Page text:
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Why Judaism is Most Meaningful in Times of Grief

When life is full of ease, spirituality is like cotton candy: fluffy, airy and unserious. It’s easy to mock the privileged, entitled yuppies in their yoga clothes, or the perpetually processing privileged New Agers at their endless, fruitless seminars. Not to mention the reactionary flocks in churches and synagogues, with their absurd, prescientific beliefs.

And then something happens. Someone gets sick, or a relationship ends. Or a pet dies, or I lose my job. Or a friend dies unexpectedly. And then we go searching for meaning. Not answers necessarily — most educated people don’t think that there are answers out there, let alone a puppeteer God beneficently ordering all of creation. But significance, meaning.

Now the smirk of the critic melts into something less sure of itself. What can be understood in the midst of this tragedy, about the fragility of the human condition or the impossibility of holding on to it? And what are the forms that, over the years, have evolved to respond to this grief?

For all the desperate attempts to make Judaism cool, it is at decidedly uncool times that it is most of value. Ironically, or maybe tragically, these manifestations of Judaism are scarcely funded by mega-philanthropists, though they are supported by the dues of many synagogues. It’s hard to put a donor plaque on a shiva call.

Yet it is precisely at such moments when a gateway opens to the recovery of the spiritual tones of living. I fail; I lose, and so I grow closer to the parts of myself that feel more authentic, more connected. Spiritual paths may not be as sophisticated or arch as other ways of being. They may be mocked in the pages of The New York Times. But at some point, most of us find ourselves broken — and hopefully broken open.

One could be cynical about this hardship-driven sudden return to religious, spiritual, philosophical or artistic homes long forsaken. We human beings are often fair-weather fans, clinging to a tradition or practice in our moment of need, then discarding it once again, when the moment of crisis has passed.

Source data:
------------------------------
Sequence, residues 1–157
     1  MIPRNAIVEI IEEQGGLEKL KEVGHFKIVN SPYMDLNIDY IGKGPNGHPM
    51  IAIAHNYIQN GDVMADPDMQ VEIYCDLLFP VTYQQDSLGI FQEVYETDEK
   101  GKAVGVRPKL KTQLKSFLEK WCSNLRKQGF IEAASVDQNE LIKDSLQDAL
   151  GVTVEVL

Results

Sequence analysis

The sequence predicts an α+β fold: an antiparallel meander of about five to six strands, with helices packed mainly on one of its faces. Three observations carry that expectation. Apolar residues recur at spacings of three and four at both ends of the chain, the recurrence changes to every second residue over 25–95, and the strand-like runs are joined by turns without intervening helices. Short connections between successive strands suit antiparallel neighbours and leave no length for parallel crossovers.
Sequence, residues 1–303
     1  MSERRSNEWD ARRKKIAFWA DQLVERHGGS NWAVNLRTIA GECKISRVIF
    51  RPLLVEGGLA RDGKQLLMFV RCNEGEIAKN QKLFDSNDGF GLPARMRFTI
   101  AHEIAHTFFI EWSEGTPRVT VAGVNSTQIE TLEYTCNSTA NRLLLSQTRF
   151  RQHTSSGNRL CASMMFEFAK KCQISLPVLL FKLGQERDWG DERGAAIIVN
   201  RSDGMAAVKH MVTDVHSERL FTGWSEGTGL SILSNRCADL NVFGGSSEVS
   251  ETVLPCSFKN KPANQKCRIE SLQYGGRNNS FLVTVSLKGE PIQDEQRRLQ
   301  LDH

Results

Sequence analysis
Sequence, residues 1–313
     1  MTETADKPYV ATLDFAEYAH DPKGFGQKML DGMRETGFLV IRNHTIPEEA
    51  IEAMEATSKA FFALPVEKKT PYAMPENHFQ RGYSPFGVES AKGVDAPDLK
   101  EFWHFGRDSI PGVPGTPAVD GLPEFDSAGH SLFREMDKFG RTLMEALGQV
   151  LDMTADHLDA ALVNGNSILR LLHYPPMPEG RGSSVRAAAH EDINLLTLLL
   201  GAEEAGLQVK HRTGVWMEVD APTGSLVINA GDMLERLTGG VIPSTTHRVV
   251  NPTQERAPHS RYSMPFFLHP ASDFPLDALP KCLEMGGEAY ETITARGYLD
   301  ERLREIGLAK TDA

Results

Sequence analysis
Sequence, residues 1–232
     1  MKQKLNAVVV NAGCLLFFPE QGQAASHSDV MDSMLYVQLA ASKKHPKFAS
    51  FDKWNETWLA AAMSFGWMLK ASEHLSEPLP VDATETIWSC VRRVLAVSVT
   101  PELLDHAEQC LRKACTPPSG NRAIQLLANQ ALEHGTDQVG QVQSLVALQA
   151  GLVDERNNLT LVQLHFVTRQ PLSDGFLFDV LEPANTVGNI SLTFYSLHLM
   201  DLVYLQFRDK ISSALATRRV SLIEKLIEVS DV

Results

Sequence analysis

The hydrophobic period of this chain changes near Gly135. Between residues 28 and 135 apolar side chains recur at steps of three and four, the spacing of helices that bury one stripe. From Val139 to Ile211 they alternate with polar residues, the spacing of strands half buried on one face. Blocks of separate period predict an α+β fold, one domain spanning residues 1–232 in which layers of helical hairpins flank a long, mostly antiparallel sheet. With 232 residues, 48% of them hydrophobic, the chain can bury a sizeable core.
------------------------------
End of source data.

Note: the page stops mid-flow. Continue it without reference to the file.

Really, though, we are just human. Fine, we are inconsistent. What do we sense to be true when we are at our weakest, our most open? When we speak of serious matters, not necessarily in a dour or humorless tone, but with a sincerity of purpose; when our attitudes melt before an awe greater than our condescensions — it is at these times when the vocabulary of religion takes on, for some of us, its true character.

Applied to science or politics, religion is a poor substitute for reason. Its myths, never meant to be empirical, harden into nonsensical dogmas and irrational beliefs, whose preposterousness requires a fundamentalist certitude on behalf of the credulous. When they are married to the violence of politics, they ossify into rigid codes and morals.

But when the heart is cracked open, the insensible becomes relatable. “Only the nonsensical is at ease with the Absolute,” the poet James Broughton wrote. And for all the exasperation of being lumped together with the pious and the ignorant, it would be dishonest to pretend that I have outgrown the vocabulary and symbols of Judaism, shopworn and abused, outmoded and nonsensical — yet perhaps for that reason resonant in a way that more recent and more sophisticated ideologies are not. When my heart speaks, it speaks in this language.

This kind of religion is not a matter of opinion, belief, tribe, identity, salvation, creation or hunch that there is a cosmic Santa meting out justice in some secret, special way. It is a matter of love, of an interpersonal vocabulary of meaning, of imagination and the marking of time. Of course, for many, being religious is absolutely about opinions — about God, Bible, Tribe. It may mean following rules, and even believing those rules to be absolutely true. For others, religion fulfills social functions, brings us together, provides consolation, marks important moments in life. These are valuable functions.

But I have more in common with an atheist who dances than with supposedly pious men asleep in their beliefs and opinions. The religion I want is a way of being in love with the world, and, yes, sucking the marrow out of life, in whatever mode suits our temperament. I don’t care about the God you don’t believe in; I care that there is a source for inspiration.

So when I speak of sadness, I seek the symbols of God, the sequences of myth and the patterns of old religion. It is not that I suspend disbelief; I find the question of belief irrelevant.

Precisely when I am at my most desperate — that is, my most open — the personal God reappears, sometimes, as if She has been playfully hiding in plain view all along. Somehow intellectual doubts seem beside the point; not wrong, but an answer to a different question.

I cannot make Jewish theology cohere, despite years of God-wrestling, rabbinic ordination and graduate degrees in the study of it. But sometimes I do like to cry, and the language of this week’s forgotten holiday, Hoshana Raba, is as good a cry as any: “Ana adonai, hoshi’a na” — “Please, God, save me.” In a small irony, our tears fall all the more readily if we are crying to a God in which we’re not sure we believe.

“There is nothing so whole as a broken heart,” the Kotzker rebbe taught, knowing from his own life the taste of melancholy and the way in which the heart’s yearning opens us to experience reality. The Jewish path is one of love and tears and fear and doubt. The broken heart is what I mean by God’s heart breaking.

This article is adapted from Jay Michaelson’s new book, “The Gate of Tears: Sadness and the Spiritual Path,” available October 1from Ben Yehuda Press.


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